It is emblematic of Labour’s wider departure from the real world. A man cannot become a woman simply by declaring himself to be so. This nonsense is a massive incentive for working-class people in particular to distance themselves from the party. Labour doesn’t really like the British people very much. And the British people are now reciprocating.

spiked: Labour is also out of step with the people over Brexit. Will that play a role in the by-election?

Galloway: It will play up in the predominantly white, working-class estates. There was a massive Brexit majority in Batley and Spen. Labour, with its embrace of little John Bercow, has doubled down on its anti-Brexit stance. Bercow bent every rule, broke some rules and twisted every convention in a Bonapartist attempt to cheat the majority of the British people from the Brexit that they voted for. The fact that Labour is throwing flowers at him speaks volumes. It is still a Rejoin party.

A Labour figure recently attacked me as a Brexiteer. The idea that ‘Brexiteer’ is a term of abuse is the reason why the Red Wall fell and is still falling. Labour has never gotten over it. And if it could, it would take us back into the EU before you could say Jack Robinson.

spiked: You have been very outspoken over the Israel-Palestine conflict. To what extent do you think you can mobilise the issue to your advantage in the by-election?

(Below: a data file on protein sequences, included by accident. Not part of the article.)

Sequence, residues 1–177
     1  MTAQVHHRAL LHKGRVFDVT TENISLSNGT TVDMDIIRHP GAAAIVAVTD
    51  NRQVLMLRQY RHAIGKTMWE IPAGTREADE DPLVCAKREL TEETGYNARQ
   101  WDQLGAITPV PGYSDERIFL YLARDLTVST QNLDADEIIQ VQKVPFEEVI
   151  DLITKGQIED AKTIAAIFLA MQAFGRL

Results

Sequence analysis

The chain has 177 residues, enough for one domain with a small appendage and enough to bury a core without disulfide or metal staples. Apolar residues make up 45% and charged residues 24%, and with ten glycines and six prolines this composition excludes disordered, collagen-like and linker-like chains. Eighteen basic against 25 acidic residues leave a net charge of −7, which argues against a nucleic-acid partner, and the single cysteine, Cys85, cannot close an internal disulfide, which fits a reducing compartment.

Galloway: I’m here because of the feelings of the people in the constituency about Palestine, not the other way around. I’m not the one raising the issue of Palestine – they are.

It’s partly about credibility. My Labour opponent joined Labour eight weeks ago, whereas I’ve been talking about this subject for 50 years. Starmer, by kicking Jeremy Corbyn out of the party and making what he must have thought was a clever pivot towards the Israel side of the argument, has, at a stroke, lost thousands of votes in Batley and Spen. And there are many Batley and Spens.

spiked: You are a critic of wokeness and cancel culture. But when commenting on the Batley Grammar School row, you said the teacher involved should not have shown pupils a cartoon of Muhammad. How do you reconcile the two positions?

Galloway: If you as a magazine wanted to publish one of these cartoons, you would be entitled to do so. But to show it to children in a school without their parents’ knowledge is a reckless and unacceptable thing to do. If I had been the MP – I wasn’t and this is a mess I will inherit if I win – I don’t believe it would have happened. If it had happened, the response to it would have been different and better. It’s a mess of Labour’s making. The Labour Party and its MP, Tracy Brabin, ran away from it, abandoned the teacher, abandoned the school, abandoned the parents to what happened.

I have a very strong view – and it’s not just on this, by the way, it’s on sex education as well – that parents must have a say in what their children are taught and the age at which they are taught it. As a father, I have the right to withdraw my children from things that I don’t want them to be taught. That’s a position that crosses community boundaries.

spiked: How do you rate your chances in the by-election?

Galloway: I think Labour will come third and we will be second or first. It’s us versus the Tories. I call on Labour to stand down and stop splitting the vote.

George Galloway was speaking to Paddy Hannam.

Picture by: Getty.